U.S. President Barack Obama told Ethiopia’s leaders on Monday that allowing more freedoms would strengthen the African nation, which had already lifted millions in the once famine-stricken country out of poverty.
Obama was speaking after talks with Prime Minister Hailemariam Desalegn during the first trip by a serving U.S. president to Ethiopia, one of Africa’s fastest-growing economies but which has often been criticized for its rights record.
The opposition failed to secure a single seat in a May parliamentary election, while the United States has criticized Ethiopia’s detention of bloggers and journalists in the past. The government insists those detained have committed crimes.
“The governing party has significant breadth and popularity and, as a consequence, making sure to open additional space for journalists or media or opposition voices will strengthen rather than inhibit the agenda that the prime minister and the ruling party have put forward,” Obama told a news conference.
Hailemariam, speaking at the same briefing, acknowledged his country was “young democracy” that had more to do, but also said he had “minor differences” with the United States about the speed of that process.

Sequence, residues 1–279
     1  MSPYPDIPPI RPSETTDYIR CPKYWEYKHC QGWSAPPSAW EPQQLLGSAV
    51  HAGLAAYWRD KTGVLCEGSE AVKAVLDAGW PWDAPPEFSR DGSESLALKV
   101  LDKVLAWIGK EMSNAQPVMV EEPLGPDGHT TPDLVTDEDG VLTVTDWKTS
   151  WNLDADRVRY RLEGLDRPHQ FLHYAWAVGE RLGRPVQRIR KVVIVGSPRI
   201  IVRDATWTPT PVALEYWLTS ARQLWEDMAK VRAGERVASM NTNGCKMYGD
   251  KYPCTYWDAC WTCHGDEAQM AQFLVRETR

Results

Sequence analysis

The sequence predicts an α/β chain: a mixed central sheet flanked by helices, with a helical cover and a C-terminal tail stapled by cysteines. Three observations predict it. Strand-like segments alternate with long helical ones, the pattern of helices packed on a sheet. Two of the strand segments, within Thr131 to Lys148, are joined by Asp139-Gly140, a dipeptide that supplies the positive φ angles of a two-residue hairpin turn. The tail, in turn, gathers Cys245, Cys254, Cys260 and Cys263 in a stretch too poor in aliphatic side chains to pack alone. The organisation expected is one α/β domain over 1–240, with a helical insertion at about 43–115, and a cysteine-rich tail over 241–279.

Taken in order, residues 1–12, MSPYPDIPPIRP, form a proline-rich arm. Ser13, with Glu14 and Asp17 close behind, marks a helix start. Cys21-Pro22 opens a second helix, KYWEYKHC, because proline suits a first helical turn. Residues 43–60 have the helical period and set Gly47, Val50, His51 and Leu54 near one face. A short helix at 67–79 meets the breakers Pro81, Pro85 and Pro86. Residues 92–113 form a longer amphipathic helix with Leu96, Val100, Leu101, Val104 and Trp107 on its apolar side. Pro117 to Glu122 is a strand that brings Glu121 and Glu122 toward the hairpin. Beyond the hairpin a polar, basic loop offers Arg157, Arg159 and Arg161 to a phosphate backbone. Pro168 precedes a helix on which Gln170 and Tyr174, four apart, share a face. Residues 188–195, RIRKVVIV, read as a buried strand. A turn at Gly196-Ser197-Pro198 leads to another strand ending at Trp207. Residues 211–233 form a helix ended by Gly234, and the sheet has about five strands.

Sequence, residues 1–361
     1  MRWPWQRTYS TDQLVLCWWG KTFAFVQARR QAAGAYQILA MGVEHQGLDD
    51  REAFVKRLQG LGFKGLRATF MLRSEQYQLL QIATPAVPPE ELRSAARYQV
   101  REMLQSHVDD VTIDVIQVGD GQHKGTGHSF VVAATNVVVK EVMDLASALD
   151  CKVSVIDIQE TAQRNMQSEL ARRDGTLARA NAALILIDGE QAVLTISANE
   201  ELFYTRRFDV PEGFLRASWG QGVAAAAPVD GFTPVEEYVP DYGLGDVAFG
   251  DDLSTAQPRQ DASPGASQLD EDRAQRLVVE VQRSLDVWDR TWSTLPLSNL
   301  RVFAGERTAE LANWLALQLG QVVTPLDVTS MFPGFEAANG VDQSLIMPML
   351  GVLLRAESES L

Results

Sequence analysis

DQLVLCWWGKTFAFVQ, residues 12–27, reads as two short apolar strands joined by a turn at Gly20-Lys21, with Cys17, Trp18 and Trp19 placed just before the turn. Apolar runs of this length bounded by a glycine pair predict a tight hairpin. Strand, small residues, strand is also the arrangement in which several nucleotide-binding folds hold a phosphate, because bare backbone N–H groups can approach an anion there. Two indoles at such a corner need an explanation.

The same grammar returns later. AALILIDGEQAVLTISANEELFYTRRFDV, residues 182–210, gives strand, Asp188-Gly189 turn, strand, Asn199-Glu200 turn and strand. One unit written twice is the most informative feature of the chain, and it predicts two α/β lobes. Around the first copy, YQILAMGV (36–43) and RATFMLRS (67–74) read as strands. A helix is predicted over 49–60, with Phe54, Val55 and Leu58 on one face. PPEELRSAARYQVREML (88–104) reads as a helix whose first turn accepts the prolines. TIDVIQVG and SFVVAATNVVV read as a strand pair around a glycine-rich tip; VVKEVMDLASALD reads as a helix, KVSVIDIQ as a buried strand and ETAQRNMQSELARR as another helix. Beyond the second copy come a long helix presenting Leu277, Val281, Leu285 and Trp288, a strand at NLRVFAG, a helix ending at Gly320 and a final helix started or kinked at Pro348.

Ethiopia, run by Hailemariam’s ruling party for quarter of a century, is on track for 10 percent growth this year, helping transform a nation that was brought to its knees by communist purges in the 1970s and famine in the 1980s.
Obama praised Ethiopia’s development record that had pulled “millions of people” out of poverty in the past 15 years in the nation of 96 million, although he said there were “still too many people” struggling.
“My message to the people of Ethiopia is: as you take steps moving your country forward, the United States will be standing by you the entire way,” he said.
Obama discussed closer security cooperation with Ethiopia, and praised its role in an African force in Somalia that was helping shrink the area controlled by al Shabaab militants.
Obama’s Africa tour, which began on Friday in his father’s homeland Kenya, also aims to boost trade and business ties with a continent where China overtook the United States as the biggest trade partner in 2009.
The Ethiopian prime minister noted a century of diplomatic ties with the United States but said the U.S. “investment flow doesn’t match.” He particularly noted that America was a leader in science and technology, which African needed more of.
Ethiopia’s breakneck economic growth has been driven largely by state-led investment, which economists say is squeezing out private business. Hailemariam said the country had to do more to remove bureaucracy and bottlenecks to avoid deterring investors.
The government has often turned to China to help build new roads, railways and dams in its bid to expand the industrial base in the largely agrarian economy. The new metro line that snakes through Addis Ababa was built by a Chinese firm.